I ended up finishing all of my planned reads for April with two days left in the month. Rather than start in on May's goals, I thought I might grab a shorter novel off my shelf and squeeze one extra book into the month. I grabbed Sally Gardner's Maggot Moon, knowing that I could finish it quickly. I was also hoping that it would somehow match up with one of my remaining Popsugar Challenge categories (which are becoming increasingly harder to find books for). To my surprise, not only did this novel satisfy the "book with an unreliable narrator" category, it was one of the most engrossing and moving young adult novels I have ever read.“I’m wondering what if.
What if the football hadn’t gone over the wall.
What if Hector had never gone looking for it.
What if he hadn’t kept the dark secret to himself.
What if . . .
Then I suppose I would be telling myself another story.
You see, the what ifs are as boundless as the stars.”
This novel is set in an alternative dystopian future, in which people that the government considers to be "impure" have all been relocated to Zone Seven, a poverty-stricken area where paranoia, violence, and terror pervade the atmosphere. Our narrator is Standish Treadwell, a young boy with a severe learning disability. At first, his narration concerns his personal struggles. He is bullied constantly, struggles to make friends, and lives a lonely life with his grandfather after his parents are forced to flee the government. As the story progresses, however, Standish's narration begins to convey a wider story about the oppressive regime he lives under.
When a new family is relocated to the house next door to him, Standish makes fast friends with a boy his age named Hector. His games of make believe with Hector give Standish a sense of fulfillment and joy that he has rarely experienced. However, his happiness is short lived. Hector stumbles onto a secret that he won't share, and that secret leads to him and his family being removed from the neighborhood. Determined to save the only friend he's ever had, Standish embarks on a plan to get Hector back and help take down the government of the Motherland.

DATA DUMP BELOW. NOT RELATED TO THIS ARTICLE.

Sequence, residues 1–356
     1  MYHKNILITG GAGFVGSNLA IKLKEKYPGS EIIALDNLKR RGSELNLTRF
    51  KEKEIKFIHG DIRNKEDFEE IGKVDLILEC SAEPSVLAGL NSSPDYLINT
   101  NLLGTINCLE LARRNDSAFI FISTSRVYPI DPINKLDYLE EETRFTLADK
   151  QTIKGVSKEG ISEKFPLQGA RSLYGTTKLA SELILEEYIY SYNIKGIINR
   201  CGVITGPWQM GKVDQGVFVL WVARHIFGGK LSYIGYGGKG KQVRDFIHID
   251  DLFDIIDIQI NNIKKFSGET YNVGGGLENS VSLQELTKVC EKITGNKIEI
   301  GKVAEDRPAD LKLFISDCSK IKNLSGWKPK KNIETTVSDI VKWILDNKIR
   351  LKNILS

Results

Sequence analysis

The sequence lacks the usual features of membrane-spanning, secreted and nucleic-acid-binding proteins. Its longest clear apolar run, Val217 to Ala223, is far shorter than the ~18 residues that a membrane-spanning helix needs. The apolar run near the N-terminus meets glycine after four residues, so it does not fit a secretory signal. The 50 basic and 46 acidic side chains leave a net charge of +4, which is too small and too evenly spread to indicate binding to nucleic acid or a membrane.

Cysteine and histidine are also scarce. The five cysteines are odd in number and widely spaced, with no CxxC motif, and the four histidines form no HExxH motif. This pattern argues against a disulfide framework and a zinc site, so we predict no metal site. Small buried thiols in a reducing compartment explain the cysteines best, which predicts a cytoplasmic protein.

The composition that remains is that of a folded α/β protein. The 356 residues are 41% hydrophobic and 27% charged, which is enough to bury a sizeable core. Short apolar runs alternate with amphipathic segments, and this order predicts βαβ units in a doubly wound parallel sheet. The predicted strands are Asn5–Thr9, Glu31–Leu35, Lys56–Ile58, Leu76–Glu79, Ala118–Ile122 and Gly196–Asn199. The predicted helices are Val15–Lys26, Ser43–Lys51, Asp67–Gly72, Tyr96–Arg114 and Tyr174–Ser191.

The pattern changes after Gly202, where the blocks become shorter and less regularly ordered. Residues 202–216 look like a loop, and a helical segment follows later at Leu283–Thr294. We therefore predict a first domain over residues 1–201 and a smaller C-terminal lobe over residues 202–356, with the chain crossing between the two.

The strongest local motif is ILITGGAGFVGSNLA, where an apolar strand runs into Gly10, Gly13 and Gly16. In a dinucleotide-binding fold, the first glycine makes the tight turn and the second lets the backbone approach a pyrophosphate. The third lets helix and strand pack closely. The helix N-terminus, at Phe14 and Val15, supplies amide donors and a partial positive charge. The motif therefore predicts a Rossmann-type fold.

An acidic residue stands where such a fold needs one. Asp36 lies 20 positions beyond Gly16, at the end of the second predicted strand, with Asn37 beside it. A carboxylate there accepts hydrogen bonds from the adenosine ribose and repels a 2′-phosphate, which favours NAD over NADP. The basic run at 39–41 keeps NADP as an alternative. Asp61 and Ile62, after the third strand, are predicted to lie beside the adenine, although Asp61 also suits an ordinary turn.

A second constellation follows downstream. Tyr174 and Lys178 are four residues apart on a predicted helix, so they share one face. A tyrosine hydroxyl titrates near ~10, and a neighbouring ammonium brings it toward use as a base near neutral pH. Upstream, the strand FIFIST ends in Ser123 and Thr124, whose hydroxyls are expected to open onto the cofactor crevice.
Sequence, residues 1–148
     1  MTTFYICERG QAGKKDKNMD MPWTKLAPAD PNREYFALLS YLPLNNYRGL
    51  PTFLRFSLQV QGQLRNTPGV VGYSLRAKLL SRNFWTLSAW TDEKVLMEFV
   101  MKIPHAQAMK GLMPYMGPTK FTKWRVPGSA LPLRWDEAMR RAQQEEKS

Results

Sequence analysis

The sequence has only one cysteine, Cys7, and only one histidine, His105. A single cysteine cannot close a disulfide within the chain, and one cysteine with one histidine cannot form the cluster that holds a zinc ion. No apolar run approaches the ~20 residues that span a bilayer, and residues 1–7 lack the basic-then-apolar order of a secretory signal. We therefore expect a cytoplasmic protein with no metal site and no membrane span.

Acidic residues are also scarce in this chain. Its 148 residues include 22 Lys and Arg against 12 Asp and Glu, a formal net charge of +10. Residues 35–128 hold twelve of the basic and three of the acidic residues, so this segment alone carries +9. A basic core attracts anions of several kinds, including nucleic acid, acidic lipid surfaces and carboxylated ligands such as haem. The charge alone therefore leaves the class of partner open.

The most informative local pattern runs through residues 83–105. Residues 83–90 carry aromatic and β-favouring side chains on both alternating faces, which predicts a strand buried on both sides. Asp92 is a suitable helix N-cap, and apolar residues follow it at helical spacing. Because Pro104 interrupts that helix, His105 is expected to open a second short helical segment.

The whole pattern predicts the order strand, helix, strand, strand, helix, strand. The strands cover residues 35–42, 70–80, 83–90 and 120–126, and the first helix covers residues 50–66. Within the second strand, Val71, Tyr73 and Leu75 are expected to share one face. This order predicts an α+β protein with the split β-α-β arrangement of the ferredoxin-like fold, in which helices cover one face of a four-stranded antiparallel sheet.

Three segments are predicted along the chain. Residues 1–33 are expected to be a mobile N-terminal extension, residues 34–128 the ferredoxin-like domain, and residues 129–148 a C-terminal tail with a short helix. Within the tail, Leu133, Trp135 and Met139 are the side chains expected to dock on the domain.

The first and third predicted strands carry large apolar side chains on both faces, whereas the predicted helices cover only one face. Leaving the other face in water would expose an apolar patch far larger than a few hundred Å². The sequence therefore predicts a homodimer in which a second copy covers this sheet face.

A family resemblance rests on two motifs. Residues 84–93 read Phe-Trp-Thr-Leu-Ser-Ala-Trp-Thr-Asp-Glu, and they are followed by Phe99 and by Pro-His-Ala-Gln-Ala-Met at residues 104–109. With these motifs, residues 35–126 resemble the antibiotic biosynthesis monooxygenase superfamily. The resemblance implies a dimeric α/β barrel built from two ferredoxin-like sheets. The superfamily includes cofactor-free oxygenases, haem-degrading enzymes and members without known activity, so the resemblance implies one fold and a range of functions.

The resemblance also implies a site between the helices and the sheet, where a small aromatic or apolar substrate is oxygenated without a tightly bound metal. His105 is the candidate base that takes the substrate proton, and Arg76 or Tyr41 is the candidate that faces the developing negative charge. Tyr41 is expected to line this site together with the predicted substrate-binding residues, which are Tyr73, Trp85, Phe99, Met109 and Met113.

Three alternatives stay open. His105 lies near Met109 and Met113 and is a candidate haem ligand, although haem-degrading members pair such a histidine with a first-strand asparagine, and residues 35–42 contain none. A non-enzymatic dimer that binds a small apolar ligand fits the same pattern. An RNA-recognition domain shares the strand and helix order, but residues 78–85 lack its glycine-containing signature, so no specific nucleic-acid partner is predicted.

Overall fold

What makes this novel truly remarkable is Standish's narration. His learning disability affects his ability to tell the story properly, and his tendency to skip around in time and drift in and out of fantasy makes it difficult for the reader to tell what's really happening and what is just a figment of his imagination. The whole story is a puzzle, and it's left for readers to determine all of the basics, like what country Standish lives in, who runs the oppressive government, and what is happening to all of these people who are disappearing. The events of the novel read like a horrifying folk tale, and sorting out what's actually going on is necessary to understanding the book. Maggot Moon is not set in a made-up world. It's set in ours. It's our job to put together the clues from Standish's unadorned and confusing narration to figure it all out.
Alongside the text are a series of illustrations which convey a short story of their own. The pictures concern the life cycle of a fly and a rat. The rat accidentally poisons itself and dies. A fly lays eggs on the rat's body, which eventually hatch into a pile of wriggling maggots. By the end of the story, one of the maggots has turned into a fly and flies away. Placed alongside Standish's story, it could symbolize anything from the futility of life to the birth of new possibilities. This secondary story adds an excellent additional layer of complexity to the text.
Maggot Moon won the Costa Book Award in 2012, the Carnegie Medal in 2013, and was a Printz Award Nominee in 2014, which shows that I'm not the only one deeply impressed with this book. I have a strong affinity for young adult novels that make you think, and this is one of the best I've read. Originally, I picked this novel up thinking it would be a quick read that I could stick in my classroom library afterward. It ended up being a new favorite that is staying in my personal collection. It's so nice to find such a gem when you really aren't expecting it.
Popsugar Challenge: (a book with an unreliable narrator) 28/40
TBR Challenge: (previously owned) 25/60
Total Books Read in 2017: 31